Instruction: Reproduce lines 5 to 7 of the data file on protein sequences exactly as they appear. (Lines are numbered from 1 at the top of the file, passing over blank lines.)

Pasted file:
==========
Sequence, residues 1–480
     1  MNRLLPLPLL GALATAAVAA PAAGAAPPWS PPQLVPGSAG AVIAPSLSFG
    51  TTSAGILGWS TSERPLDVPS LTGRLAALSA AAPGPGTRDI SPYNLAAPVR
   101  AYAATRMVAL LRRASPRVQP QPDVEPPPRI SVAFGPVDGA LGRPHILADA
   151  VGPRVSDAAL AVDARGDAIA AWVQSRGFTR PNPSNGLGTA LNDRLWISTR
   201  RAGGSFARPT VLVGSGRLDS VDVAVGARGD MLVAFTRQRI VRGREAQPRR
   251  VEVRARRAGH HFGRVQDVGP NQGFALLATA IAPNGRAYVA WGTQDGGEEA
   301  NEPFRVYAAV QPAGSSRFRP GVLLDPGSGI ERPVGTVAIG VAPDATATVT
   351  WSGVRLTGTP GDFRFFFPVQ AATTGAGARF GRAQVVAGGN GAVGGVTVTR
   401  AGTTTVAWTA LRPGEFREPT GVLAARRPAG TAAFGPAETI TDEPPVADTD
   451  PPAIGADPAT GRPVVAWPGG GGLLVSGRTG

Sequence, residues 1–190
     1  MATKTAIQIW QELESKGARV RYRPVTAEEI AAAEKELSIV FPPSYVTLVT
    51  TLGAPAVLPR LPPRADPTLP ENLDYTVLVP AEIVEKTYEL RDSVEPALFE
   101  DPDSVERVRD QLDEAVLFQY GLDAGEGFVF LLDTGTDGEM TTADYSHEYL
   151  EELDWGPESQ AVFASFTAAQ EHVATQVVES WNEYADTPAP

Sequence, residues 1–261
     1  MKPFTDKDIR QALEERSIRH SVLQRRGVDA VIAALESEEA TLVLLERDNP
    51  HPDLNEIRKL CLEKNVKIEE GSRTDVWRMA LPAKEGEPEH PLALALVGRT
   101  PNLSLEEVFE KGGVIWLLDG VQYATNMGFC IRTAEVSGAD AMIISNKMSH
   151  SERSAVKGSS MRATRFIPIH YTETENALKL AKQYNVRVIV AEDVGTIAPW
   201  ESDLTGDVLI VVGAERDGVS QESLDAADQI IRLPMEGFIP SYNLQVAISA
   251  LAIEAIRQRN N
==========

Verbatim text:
   151  VGPRVSDAAL AVDARGDAIA AWVQSRGFTR PNPSNGLGTA LNDRLWISTR
   201  RAGGSFARPT VLVGSGRLDS VDVAVGARGD MLVAFTRQRI VRGREAQPRR
   251  VEVRARRAGH HFGRVQDVGP NQGFALLATA IAPNGRAYVA WGTQDGGEEA